NO-ONE wants to see the ecological disaster unfolding in the Gulf of Mexico. But it was serendipitous that BP’s catastrophe should hit the headlines in the same week that Bluewood was undertaking a crisis communications workshop run annually for one of the world’s biggest energy companies.
Every day we could point to the struggle to regain control, the repeated coverage of existing leaks, the failed attempts to stem the damaging outflows. And that’s without mentioning the oil itself; it seemed every new day brought some new ‘mis-speak’, such as the comment that it’s a lot of oil, yes, but it’s tiny compared with the ocean. Even Barack Obama commented on the unseemly struggle for the protagonists to ‘fall over themselves’ to point the finger of blame.
Crisis puts the communications of any company at breaking point. The press is waiting for the unguarded, the out-of-context, the unfortunate phrasing. During our work with the energy client we ran old footage of Gerald Corbett, ‘too tired’ to go on Newsnight and slated not just as a result of his handling of the situation, but his handling of the comms. And we showed some positive clips too – Simon Laxton from Thomas Cook doing the right thing following the coach crash in South Africa a decade ago.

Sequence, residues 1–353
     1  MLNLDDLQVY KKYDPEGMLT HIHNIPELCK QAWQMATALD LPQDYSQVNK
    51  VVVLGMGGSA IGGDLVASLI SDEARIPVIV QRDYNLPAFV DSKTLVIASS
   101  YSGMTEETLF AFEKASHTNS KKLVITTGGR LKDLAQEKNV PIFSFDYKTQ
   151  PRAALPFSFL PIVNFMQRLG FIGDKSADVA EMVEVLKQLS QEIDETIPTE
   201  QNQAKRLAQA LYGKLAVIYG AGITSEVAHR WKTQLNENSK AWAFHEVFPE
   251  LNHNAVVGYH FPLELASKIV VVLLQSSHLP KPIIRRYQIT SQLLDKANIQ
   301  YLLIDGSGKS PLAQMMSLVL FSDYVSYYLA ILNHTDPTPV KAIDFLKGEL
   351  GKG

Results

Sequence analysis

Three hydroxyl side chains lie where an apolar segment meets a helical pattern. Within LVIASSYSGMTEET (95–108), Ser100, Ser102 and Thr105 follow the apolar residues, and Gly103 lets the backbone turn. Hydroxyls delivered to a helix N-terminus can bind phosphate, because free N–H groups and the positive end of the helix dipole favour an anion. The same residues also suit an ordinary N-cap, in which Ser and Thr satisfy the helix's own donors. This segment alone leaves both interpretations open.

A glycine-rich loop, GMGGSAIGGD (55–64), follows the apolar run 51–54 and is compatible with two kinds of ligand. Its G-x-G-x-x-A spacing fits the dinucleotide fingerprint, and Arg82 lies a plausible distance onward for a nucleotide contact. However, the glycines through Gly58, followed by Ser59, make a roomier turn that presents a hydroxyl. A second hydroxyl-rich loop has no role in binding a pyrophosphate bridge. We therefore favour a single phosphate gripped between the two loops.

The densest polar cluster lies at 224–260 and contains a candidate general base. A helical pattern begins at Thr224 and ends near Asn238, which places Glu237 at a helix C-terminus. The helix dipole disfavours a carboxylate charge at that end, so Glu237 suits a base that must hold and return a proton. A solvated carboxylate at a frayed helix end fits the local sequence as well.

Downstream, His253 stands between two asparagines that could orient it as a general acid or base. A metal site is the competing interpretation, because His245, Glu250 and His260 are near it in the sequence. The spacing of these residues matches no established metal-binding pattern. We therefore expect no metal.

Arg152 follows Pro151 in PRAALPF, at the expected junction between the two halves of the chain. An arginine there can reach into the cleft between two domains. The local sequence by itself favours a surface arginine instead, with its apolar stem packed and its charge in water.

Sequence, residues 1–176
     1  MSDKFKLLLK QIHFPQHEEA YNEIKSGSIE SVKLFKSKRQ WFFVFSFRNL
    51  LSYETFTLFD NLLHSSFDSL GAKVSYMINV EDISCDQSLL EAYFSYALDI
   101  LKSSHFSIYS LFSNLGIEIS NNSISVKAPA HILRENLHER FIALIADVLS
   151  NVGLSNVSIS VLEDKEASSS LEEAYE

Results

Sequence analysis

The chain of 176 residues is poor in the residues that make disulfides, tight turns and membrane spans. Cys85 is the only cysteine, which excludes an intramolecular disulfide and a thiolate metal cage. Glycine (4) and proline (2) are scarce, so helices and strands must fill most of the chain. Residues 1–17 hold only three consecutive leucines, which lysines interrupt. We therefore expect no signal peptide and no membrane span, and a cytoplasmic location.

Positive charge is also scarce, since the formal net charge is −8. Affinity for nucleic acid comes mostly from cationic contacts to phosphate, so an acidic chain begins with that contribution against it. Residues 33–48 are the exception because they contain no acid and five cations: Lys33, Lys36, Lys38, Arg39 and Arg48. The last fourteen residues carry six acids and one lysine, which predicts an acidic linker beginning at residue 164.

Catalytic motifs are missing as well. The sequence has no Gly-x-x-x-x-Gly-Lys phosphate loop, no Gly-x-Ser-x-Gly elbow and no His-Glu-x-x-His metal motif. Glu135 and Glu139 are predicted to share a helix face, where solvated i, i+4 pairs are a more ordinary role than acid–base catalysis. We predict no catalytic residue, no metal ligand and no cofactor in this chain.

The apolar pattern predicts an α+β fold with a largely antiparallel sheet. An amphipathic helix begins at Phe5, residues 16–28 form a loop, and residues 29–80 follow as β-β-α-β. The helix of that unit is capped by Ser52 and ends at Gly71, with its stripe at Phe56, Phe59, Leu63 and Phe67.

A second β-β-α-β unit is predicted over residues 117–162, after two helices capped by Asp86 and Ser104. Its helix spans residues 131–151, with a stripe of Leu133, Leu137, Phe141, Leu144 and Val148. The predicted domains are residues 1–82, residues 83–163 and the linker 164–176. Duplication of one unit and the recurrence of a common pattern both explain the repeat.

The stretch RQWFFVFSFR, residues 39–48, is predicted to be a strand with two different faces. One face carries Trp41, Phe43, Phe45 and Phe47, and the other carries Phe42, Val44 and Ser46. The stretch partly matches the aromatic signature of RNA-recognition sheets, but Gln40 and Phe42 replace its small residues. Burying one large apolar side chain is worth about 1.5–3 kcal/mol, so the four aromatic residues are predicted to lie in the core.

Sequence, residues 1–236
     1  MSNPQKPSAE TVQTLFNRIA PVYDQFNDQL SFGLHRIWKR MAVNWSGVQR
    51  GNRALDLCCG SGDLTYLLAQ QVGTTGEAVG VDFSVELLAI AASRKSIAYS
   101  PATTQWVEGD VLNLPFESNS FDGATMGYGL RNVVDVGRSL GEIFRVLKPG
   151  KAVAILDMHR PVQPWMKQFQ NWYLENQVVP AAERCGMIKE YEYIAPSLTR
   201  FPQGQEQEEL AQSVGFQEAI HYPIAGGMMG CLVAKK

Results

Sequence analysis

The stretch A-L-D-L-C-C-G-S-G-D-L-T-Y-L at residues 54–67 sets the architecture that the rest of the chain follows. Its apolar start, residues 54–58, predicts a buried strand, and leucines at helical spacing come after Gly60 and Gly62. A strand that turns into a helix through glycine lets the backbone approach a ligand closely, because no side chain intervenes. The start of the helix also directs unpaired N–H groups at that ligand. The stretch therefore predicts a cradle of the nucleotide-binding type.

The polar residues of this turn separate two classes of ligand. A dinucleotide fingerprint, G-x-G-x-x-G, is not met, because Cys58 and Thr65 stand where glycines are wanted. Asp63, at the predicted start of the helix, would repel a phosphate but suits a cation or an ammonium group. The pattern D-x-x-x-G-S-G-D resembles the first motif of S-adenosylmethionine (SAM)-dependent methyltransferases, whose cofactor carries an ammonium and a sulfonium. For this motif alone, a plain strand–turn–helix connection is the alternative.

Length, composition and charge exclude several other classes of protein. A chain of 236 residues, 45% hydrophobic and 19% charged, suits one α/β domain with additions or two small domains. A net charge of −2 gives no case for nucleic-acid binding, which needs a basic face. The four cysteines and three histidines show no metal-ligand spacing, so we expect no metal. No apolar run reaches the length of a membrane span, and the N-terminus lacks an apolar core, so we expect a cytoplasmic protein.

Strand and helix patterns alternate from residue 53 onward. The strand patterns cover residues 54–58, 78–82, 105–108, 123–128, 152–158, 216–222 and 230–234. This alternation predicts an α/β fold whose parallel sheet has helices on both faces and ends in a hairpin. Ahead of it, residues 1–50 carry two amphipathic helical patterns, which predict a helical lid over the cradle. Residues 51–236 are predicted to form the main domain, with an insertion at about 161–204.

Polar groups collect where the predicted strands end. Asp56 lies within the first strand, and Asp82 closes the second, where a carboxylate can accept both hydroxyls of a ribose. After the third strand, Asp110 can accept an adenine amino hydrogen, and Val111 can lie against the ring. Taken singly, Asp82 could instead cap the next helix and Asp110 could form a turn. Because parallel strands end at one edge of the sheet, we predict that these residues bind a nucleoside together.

It was fantastic to watch the delegates from the energy firm ‘getting it’. “At this stage, it’s really about full disclosure, isn’t it?” said one. “This is my interview, and I’m going to make sure I get across the important points and refuse to be drawn on speculation,” said another. “I can see now why ‘no comment’ is really not an option,” added a third, having seen what this statement looks like on a filmed doorstep interview. They got it – and it’s unlikely they’ll ever be too tired, or consider their problems a drop in the ocean, should the worst ever occur.
Written by Matt Guarente – Bluewood Training – May 2010